After walking around for a while, I ended up walking into the nearby Tempozan Harbor Village where I followed my nose to a delicious smelling okonomiyaki restaurant called “Tsuruhashi Fugetsu“. I was shown to a table with a large grill in the middle. After looking at the Japanese only menu, I ordered pork okonomiyaki both because it sounded delicious, and because it was one of the few items I could read from the menu.

Usually when I am eating alone in a restaurant I am always reading a book. In this case I had to be careful not to let my book get too close to the grill. Fortunately I had no issues and enjoyed reading while eating the fantastic okomoniyaki that the server cooked at my table.

After eating, I got up to continue my exploration of Osaka. While I was in the aquarium, my knee had started to hurt a little. I injured my knee in University due to some grain alcohol fueled misadventures and it has never really been the same since. Usually it doesn’t bother me, but due to the amount of walking I have done in the past few days, it was becoming very uncomfortable. After lunch I was really starting to notice the pain.

To give my knee a rest, I went to a nearby IMAX theatre (Osaka Port has everything), and watched a cool 3D movie about New York City. After the movie my knee was hurting more, and I was starting to limp. I really wanted to get to Osaka castle, but reluctantly made the decision to end my trip short.

I went back to Osaka station, and did a little shopping in an import food store to kill some time while waiting for the shinkansen. I could have used at least another day in Osaka, but I don’t think that my knee would cooperate. I will have to go back another time! I really did enjoy my short time in Osaka and wish I could have stayed longer.

(2015 Update) I realized much later that one of the big differences between traveling by myself and traveling with someone else is that I am much less likely to stop and take breaks when I am on my own. When I started to think about the insane amount of walking I did in my two day trip to Himeji and Osaka and the short amount of time I spent sitting, it’s no wonder that my knee was hurting.

If you are sightseeing in Japan, be prepared for lots of walking. And if you are traveling by yourself, take breaks! It’s important!

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December 15, 2004 – Immigration office master

My Weezer shirt that I bought in Harajuku

My Weezer shirt that I bought in Harajuku

Today I went to the immigration office in Shinyurigaoka to get my re-entry permit for my passport. I now feel pretty confident in my skills at navigating the immigration office, and can usually be in and out in about 10 minutes.

Like most people, my work visa expires after a certain period of time (one year for me), and will also expire if I leave the country. To prevent the visa from expiring when I go home, I needed to buy a re-entry permit. The permits are available as one time permits or unlimited times for the period of one year. Since I am only planning to leave Japan and return once in the next year, I bought the cheaper one time permit.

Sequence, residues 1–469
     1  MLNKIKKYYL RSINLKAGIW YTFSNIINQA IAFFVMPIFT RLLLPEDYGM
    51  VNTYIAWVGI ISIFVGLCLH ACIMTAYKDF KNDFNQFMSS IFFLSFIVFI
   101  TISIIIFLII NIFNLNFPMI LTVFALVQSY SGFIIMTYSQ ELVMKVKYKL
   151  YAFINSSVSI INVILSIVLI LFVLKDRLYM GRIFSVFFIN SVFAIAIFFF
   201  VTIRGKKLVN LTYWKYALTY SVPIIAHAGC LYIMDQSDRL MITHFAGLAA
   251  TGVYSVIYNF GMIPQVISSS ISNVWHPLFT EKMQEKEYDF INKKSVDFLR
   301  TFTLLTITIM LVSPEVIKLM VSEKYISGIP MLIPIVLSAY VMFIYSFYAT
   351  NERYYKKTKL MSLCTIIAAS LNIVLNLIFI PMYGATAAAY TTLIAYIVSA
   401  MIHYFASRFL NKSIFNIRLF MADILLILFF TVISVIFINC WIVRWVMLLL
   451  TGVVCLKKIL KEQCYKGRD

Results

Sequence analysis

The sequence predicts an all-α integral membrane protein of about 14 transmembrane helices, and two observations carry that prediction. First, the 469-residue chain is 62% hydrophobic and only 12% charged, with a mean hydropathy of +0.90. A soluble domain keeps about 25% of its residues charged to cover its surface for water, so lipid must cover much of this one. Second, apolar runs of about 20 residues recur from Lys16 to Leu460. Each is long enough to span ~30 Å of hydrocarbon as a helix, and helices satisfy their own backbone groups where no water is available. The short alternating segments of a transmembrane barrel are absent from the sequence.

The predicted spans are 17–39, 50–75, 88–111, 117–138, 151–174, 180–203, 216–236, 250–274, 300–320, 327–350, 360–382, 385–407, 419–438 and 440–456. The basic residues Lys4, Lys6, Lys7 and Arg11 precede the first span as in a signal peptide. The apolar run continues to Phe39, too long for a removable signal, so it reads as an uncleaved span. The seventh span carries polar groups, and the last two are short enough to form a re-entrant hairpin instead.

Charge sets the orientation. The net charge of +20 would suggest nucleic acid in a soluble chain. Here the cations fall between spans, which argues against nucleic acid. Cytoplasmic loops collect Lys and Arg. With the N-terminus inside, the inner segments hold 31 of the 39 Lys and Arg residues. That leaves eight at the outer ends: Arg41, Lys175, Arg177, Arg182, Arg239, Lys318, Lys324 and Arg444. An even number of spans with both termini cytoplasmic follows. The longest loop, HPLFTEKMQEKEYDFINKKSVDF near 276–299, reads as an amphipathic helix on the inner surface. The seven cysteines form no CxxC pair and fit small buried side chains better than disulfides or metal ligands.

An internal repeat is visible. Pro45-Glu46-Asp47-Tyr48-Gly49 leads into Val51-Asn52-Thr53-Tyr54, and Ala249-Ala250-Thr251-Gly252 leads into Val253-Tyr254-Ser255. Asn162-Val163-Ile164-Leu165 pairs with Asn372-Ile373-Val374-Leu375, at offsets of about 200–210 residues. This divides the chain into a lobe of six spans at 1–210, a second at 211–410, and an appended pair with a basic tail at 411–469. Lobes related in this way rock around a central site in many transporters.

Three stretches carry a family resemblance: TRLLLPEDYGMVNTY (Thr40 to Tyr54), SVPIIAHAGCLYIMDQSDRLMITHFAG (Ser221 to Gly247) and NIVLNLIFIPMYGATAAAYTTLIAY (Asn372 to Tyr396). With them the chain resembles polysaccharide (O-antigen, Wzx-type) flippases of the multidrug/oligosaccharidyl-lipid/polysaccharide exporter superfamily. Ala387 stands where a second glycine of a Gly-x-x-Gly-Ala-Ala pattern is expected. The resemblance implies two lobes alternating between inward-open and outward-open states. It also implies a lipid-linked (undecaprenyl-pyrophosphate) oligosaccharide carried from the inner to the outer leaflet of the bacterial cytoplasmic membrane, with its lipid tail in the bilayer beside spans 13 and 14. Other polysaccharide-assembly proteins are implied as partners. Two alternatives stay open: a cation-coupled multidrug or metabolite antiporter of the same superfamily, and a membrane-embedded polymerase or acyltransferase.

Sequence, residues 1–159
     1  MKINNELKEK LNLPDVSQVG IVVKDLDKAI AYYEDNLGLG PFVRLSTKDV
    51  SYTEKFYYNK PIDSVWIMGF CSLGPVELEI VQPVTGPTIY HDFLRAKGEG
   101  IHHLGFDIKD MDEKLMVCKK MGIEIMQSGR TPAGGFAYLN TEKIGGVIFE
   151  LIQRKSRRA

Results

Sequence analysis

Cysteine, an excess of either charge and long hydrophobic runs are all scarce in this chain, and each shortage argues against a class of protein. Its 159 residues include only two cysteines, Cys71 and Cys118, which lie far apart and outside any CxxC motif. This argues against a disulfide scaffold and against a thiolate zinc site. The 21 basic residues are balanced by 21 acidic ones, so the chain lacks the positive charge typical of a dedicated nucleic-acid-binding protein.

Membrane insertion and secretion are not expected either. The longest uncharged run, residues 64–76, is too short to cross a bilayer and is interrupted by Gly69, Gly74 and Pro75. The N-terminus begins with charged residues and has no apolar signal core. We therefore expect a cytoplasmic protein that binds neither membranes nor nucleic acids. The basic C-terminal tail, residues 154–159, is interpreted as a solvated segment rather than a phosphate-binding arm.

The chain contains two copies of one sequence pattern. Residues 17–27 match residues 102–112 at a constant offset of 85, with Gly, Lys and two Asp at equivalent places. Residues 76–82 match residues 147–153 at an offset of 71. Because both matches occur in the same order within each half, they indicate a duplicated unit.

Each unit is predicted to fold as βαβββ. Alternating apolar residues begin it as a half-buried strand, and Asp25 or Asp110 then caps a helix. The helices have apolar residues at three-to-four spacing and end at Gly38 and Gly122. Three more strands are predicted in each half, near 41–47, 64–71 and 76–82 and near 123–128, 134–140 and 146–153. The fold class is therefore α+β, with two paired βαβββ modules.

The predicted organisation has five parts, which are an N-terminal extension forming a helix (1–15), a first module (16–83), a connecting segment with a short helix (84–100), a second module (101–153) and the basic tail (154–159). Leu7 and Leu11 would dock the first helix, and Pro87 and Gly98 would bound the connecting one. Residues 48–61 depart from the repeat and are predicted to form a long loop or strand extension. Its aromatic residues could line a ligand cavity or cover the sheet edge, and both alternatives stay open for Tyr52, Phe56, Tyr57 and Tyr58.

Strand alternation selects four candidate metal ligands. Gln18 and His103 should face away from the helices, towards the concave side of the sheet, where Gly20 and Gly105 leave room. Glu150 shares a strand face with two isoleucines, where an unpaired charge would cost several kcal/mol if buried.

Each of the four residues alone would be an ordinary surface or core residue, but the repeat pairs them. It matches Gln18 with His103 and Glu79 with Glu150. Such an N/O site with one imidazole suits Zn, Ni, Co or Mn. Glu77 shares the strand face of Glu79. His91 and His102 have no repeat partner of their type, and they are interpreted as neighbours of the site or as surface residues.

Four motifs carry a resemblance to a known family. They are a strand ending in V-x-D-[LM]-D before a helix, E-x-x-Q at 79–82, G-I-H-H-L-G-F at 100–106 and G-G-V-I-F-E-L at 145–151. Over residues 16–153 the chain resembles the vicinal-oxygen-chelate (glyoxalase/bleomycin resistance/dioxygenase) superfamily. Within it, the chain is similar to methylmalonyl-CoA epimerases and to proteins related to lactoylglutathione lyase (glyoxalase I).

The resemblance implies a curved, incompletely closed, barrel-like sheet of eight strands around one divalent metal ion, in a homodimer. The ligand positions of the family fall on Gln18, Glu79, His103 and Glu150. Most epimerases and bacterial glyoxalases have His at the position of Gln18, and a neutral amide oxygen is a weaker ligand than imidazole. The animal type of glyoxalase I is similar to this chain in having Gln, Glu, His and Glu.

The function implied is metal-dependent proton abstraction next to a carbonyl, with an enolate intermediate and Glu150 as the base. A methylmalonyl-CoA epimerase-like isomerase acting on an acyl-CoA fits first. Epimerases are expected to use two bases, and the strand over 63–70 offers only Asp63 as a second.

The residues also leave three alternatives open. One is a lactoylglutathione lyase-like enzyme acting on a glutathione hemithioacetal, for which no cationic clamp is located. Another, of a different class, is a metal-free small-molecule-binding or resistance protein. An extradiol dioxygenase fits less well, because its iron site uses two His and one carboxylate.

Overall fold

Immigration officers are not allowed to handle cash directly, which is a nice way to prevent anything shady from happening. I had to go to a small convenience store in the same building to buy a voucher for a re-entry stamp. I then returned to the immigration office, where they exchanged the voucher for a sticker in my passport.

After finishing up at the immigration office, I spent most of my day exploring some cool stores in Shinjuku, Shibuya, and Harajuku. I bought some books for my flight home at Kinokuniya, and a cool Weezer shirt in Harajuku.

In the evening, I met up with Okonomi in Noborito. We went out for Okonomiyaki for dinner and then went to karaoke. Since I was traveling back to Numazu, it was a much more reserved karaoke experience that the last time. After karaoke I gathered up all of the Christmas presents that I couldn’t bring home on my shopping trip to Asakusa, and then returned to Numazu. It was a fun day, but the highlight was explaining to a taxi driver at Numazu station where I lived in Japanese, and having him drive me to the right place!

If you have only ever spoken one language, this doesn’t sound like much of an accomplishment, but trust me, it felt great.

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December 6, 2003 – The Last Samurai

After work I went to Shinyurigaoka for dinner and a movie with Yumi. Okonomiyaki is like an omelette pancake with egg, cabbage and meats or vegetables of your choice. You grill it at your table and cover it with delicious sauce. It is delicious and a lot of fun to cook. Seriously, you have to eat this.

After dinner we went to see the Last Samurai at a large movie theatre. This movie theatre, like many in Japan, had reserved seating! This should be standard at every movie theatre. Nobody likes to show up an hour early to get a good seat for a popular movie. The movie, like most foreign movies shown in Japan, was subtitled and not dubbed. Fortunately for me they also provided English subtitles when the characters were speaking Japanese, something that Kill Bill didn’t do.

I was worried that the crowd would be a bit uncomfortable with the hero of the story being a gaijin, and Emperor Meiji being a bit of a weak character. However, everyone in the crowd liked the movie, especially the strong performance of Ken Watanabe. After the movie I ended up catching the last train back to Noborito. Good times!